Subsequently, Kevin Berta, a minor who attended the party, filed a complaint with the Village alleging that plaintiff encouraged him to consume alcohol that evening. On October 19, 1999, defendants conducted an administrative hearing on the matter pursuant to the Disciplinary Act. 50 ILCS 725/1 et seq. (West 1998). Plaintiff testified that he observed approximately 15 to 20 minors at the party when he first arrived, but he was not aware if they were drinking at that time. Plaintiff consumed six or seven beers that evening. When he realized that underage drinking was taking place, he left the party as soon as possible. Plaintiff denied encouraging Berta to consume alcohol but did state that he spoke to Berta at one point during the evening.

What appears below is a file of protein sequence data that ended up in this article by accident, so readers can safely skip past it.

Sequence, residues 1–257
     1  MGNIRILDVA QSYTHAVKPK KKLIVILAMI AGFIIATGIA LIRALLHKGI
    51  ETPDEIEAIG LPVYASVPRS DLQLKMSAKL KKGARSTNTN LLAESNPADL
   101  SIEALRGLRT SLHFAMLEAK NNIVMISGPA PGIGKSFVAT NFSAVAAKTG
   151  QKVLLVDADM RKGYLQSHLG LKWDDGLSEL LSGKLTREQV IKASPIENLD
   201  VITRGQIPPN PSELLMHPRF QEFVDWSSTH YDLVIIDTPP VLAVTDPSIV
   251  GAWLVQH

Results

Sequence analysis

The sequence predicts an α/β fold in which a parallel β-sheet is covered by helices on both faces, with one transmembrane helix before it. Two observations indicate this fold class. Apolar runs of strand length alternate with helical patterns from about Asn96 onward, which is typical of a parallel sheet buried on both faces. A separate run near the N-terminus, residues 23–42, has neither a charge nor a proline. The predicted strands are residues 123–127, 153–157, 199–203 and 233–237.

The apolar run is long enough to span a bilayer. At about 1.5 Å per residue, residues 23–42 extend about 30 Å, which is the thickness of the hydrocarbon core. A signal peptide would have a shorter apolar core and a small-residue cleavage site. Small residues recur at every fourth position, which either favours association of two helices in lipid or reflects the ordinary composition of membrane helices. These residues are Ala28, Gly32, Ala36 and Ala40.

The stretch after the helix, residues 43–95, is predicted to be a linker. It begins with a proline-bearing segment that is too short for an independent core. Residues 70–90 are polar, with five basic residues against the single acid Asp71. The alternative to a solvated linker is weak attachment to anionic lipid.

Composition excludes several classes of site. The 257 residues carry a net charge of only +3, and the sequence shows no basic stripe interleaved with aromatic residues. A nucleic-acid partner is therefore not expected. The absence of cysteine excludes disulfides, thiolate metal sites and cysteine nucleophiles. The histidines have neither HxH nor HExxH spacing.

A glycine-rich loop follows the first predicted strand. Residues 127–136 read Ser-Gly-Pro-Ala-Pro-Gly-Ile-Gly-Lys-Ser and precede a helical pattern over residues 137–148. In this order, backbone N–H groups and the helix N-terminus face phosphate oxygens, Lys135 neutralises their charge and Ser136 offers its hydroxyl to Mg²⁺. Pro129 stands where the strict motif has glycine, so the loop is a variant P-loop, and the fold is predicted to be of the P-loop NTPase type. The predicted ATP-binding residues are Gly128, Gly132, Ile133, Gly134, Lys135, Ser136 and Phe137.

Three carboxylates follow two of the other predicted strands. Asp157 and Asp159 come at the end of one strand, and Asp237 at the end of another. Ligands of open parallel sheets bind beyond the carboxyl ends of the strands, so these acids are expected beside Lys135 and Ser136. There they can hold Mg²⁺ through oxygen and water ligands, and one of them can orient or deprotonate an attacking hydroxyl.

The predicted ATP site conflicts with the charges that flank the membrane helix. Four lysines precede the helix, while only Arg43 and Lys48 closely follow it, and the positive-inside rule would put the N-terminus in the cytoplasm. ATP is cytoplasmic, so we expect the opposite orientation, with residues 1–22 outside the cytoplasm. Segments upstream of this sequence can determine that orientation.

Following the hearing, the Village Board voted to suspend plaintiff for two weeks without pay, and it placed him on probation for 90 days. Plaintiff commenced this action on December 18, 1998. Subsequently, in April 1999, plaintiff applied for a position as chief of police of the Village but was not hired. As stated above, plaintiff filed his amended complaint, count III, on November 9, 1998, pursuant to the Privacy Act, the Disciplinary Act, and Title 42, sections 1983 and 1988, of the United States Code. Specifically, plaintiff alleged that (1) defendants retaliated against him by denying him the chief of police position in violation of section 7 of the Disciplinary Act (50 ILCS 725/7 (West 1998)) because of his participation as a witness at the administrative hearing wherein he testified that he consumed alcoholic beverages at the July 25, 1998, party; and (2) that his statements were used by defendants in violation of section 5(a) of the Privacy Act (820 ILCS 55/5(a) (West 1998)), which prohibits an employer from disadvantaging an employee in the terms and conditions of his employment as a result of the lawful use of products off the premises of the employer during non-working hours. Plaintiff's complaint seeks (1) an order reversing and remanding the Village board's decision in refusing to hire him for the chief of police position with directions that the Village hire him in that position with full back pay; (2) an order removing the disciplinary action from his file with full back pay; (3) compensatory damages; and (4) attorney fees and costs pursuant to section 1988.